I refused to change my career

Do What You Love is a series that showcases the entrepreneurs behind emerging companies. In this edition, we sat down with Maria Ramos, co-founder of digital design and marketing agency, Defined Creative. Here’s what she shared:

I’m originally from the Dominican Republic. I did all my schooling there;  I went to college there as well. I moved to New York a week after graduation. I figured, I’m an advertising major, so I’ll move to the advertising capital of the world.

When I was younger I always said, ‘ah, I want to go to New York and be a creative director for a big agency.’ It didn’t pan out the way that I thought. I thought that I was going to work for one of the big name agencies; world-renowned, one that everybody knows. It just ended up being my own agency. I think I overachieved in that sense. I’m working for myself and doing what I want to do.

My grandfather told me the day I graduated college that I still had time to be a doctor, and he meant that in the best way because my mom was a doctor. In the Dominican Republic, arts and marketing are not necessarily things people want their kids to study. I can understand, but my grandparents are very proud. I come from a family that has a very entrepreneurial spirit.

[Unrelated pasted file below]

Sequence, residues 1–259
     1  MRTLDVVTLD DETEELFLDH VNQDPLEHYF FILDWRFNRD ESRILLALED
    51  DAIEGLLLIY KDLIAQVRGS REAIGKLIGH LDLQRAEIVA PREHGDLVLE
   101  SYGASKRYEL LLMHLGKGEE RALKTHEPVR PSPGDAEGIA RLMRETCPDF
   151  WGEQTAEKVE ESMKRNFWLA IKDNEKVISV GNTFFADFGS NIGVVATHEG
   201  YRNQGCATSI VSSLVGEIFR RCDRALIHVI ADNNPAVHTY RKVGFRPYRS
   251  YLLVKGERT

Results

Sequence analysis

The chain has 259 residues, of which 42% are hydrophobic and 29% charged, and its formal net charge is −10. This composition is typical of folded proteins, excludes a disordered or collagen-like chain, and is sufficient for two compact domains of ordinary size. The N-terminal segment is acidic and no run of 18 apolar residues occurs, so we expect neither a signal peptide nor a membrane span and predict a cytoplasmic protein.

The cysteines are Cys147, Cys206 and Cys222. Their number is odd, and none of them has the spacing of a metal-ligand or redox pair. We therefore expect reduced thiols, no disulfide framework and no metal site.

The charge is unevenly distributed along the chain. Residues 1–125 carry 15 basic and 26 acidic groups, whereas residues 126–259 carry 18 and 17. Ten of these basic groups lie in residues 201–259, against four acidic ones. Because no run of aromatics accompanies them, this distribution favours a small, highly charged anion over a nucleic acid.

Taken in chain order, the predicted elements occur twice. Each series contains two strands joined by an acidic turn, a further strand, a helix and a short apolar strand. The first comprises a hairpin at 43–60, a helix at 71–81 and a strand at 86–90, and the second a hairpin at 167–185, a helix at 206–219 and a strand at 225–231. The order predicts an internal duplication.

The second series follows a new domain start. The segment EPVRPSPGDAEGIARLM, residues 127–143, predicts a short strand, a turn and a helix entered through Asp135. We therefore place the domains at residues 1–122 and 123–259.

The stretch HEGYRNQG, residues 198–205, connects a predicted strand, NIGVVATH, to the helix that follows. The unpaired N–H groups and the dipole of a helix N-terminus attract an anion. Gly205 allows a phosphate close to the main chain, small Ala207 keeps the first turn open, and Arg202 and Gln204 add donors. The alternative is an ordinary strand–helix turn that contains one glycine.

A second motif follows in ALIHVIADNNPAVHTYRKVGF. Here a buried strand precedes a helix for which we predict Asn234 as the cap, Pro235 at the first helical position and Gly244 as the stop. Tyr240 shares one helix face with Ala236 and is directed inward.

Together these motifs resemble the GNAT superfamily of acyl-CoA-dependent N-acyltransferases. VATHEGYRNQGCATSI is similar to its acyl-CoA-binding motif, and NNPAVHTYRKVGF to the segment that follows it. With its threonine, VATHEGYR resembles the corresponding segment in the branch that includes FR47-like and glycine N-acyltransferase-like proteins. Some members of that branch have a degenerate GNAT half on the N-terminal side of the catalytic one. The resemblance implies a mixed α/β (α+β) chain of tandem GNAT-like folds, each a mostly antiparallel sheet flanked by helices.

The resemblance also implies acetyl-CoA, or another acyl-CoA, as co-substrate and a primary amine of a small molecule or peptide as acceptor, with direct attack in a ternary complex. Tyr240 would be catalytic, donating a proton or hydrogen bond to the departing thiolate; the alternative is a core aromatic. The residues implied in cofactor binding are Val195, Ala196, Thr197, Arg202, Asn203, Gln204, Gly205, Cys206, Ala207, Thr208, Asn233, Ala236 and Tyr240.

When you don’t study here in the U.S., it’s really hard to make a career for yourself. Especially in the U.S. there’s this mold that people need to fit into and if you don’t fit into that mold you can only go so far. So I figured I can take the reigns of my life and my career, test the waters and challenge myself to do bigger things, better things—without having to worry about how somebody else might think my career should go.

Defined Creative is going to tackle more than just the U.S. market. We are looking forward to going into Latin America—so for me it’s kind of like going back home–and helping them develop the digital marketing infrastructure that they don’t have now.

Be flexible. When you graduate from college you have this whole idea, this perfect planned picture in your head–but it doesn’t always turn out to be that way. I think that when I graduated from college and I saw myself not necessarily doing exactly what I wanted to do, I had a lot of people tell me, ‘change your career or do something else.’ I refused to do that because I had a very clear idea of what I wanted to be.


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